• Model substances such as clay or wax, using fingers and small hand tools to form objects.
  • Shade and fill in sketch outlines and backgrounds, using a variety of media such as water colors, markers, and transparent washes, labeling designated colors when necessary.
  • Study styles, techniques, colors, textures, and materials used in works undergoing restoration to ensure consistency during the restoration process.
  • Collaborate with engineers, mechanics, and other technical experts as necessary to build and install creations.
  • Collaborate with writers who create ideas, stories, or captions that are combined with artists' work.
  • Create and prepare sketches and model drawings of cartoon characters, providing details from memory, live models, manufactured products, or reference materials.
  • Trace drawings onto clear acetate for painting or coloring, or trace them with ink to make final copies.
  • Create graphics, illustrations, and three-dimensional models to be used in research or in teaching, such as in demonstrating anatomy, pathology, or surgical procedures.
  • Provide entertainment at special events by performing activities such as drawing cartoons.
  • Apply solvents and cleaning agents to clean surfaces of paintings, and to remove accretions, discolorations, and deteriorated varnish.
  • Examine and test paintings in need of restoration or cleaning to determine techniques and materials to be used.
  • Render sequential drawings that can be turned into animated films or advertisements.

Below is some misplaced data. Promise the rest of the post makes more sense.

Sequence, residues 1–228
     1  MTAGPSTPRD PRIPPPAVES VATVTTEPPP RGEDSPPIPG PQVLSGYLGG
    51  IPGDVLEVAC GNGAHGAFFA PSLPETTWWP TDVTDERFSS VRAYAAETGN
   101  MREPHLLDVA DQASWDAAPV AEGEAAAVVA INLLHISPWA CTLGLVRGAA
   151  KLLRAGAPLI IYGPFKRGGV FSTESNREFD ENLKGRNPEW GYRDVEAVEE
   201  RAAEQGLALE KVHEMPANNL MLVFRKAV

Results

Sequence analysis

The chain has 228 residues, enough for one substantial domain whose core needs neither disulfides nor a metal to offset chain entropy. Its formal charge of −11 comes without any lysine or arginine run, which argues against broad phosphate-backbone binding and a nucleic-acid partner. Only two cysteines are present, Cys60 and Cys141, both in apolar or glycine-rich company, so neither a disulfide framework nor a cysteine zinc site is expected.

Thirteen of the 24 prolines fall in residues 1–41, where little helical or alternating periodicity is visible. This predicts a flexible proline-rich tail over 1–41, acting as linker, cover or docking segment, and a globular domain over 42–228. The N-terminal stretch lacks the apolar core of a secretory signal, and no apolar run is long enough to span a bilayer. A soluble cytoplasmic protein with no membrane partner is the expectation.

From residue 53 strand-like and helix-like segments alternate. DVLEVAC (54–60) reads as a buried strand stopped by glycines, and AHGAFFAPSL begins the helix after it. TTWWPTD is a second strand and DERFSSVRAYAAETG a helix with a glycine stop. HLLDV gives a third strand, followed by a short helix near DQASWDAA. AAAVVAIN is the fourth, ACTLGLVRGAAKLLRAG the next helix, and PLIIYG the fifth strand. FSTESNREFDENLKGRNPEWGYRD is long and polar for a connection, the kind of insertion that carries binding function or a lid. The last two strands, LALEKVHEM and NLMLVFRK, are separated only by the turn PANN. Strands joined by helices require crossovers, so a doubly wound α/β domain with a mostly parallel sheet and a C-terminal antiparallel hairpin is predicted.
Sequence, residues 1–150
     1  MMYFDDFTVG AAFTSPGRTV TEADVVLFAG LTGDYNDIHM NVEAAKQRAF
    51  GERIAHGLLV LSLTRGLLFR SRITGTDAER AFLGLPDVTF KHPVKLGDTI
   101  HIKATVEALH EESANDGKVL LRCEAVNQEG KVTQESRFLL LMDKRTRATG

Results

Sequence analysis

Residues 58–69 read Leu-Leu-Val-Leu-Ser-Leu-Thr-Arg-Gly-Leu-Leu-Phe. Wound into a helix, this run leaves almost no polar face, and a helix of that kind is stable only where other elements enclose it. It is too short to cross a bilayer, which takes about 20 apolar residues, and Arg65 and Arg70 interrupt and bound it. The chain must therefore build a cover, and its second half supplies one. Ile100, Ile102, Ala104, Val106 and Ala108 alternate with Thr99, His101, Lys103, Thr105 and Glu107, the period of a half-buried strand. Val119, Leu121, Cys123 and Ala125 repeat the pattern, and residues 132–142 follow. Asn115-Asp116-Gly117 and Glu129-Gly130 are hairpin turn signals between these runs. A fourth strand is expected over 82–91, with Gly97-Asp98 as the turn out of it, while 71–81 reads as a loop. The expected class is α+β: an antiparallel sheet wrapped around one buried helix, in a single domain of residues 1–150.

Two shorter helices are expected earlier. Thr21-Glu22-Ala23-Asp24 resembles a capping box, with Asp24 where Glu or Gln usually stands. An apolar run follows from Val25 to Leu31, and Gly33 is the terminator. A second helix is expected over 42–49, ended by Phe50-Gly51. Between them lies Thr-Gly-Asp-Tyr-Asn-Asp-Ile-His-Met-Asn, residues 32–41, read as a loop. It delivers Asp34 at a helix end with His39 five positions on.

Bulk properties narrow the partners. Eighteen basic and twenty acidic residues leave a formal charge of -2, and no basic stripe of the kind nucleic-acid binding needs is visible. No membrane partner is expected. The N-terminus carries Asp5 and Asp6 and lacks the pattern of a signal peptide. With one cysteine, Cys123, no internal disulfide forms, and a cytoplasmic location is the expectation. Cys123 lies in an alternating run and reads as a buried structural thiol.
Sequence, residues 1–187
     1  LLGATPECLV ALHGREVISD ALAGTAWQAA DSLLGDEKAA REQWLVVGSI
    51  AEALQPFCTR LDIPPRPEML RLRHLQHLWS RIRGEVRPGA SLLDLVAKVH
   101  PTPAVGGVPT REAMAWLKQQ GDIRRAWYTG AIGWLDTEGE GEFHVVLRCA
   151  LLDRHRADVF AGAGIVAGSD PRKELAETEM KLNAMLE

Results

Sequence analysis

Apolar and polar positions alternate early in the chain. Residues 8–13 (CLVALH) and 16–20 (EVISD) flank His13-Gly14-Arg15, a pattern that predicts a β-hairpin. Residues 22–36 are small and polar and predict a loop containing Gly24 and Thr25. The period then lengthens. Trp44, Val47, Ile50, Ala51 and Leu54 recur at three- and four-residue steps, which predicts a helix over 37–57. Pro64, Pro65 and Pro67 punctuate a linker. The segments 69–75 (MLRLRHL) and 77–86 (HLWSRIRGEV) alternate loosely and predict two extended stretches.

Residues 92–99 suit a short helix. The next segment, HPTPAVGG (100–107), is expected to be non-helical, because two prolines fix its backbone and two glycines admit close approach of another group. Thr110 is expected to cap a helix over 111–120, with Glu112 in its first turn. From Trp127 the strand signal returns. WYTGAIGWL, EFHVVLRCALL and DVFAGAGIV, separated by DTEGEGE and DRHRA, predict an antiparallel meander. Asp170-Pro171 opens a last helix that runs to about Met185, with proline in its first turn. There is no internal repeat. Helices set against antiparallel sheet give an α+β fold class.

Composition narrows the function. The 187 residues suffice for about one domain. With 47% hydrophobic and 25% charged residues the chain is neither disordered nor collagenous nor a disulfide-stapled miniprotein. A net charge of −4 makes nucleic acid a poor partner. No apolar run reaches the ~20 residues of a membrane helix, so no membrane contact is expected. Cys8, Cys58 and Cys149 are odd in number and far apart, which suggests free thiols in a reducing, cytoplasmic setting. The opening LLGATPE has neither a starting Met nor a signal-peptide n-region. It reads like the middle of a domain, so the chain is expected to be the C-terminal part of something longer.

What work activities are most important?

Importance Activities

Thinking Creatively - Developing, designing, or creating new applications, ideas, relationships, systems, or products, including artistic contributions.

Getting Information - Observing, receiving, and otherwise obtaining information from all relevant sources.

Making Decisions and Solving Problems - Analyzing information and evaluating results to choose the best solution and solve problems.

Handling and Moving Objects - Using hands and arms in handling, installing, positioning, and moving materials, and manipulating things.

Selling or Influencing Others - Convincing others to buy merchandise/goods or to otherwise change their minds or actions.

Communicating with Persons Outside Organization - Communicating with people outside the organization, representing the organization to customers, the public, government, and other external sources. This information can be exchanged in person, in writing, or by telephone or e-mail.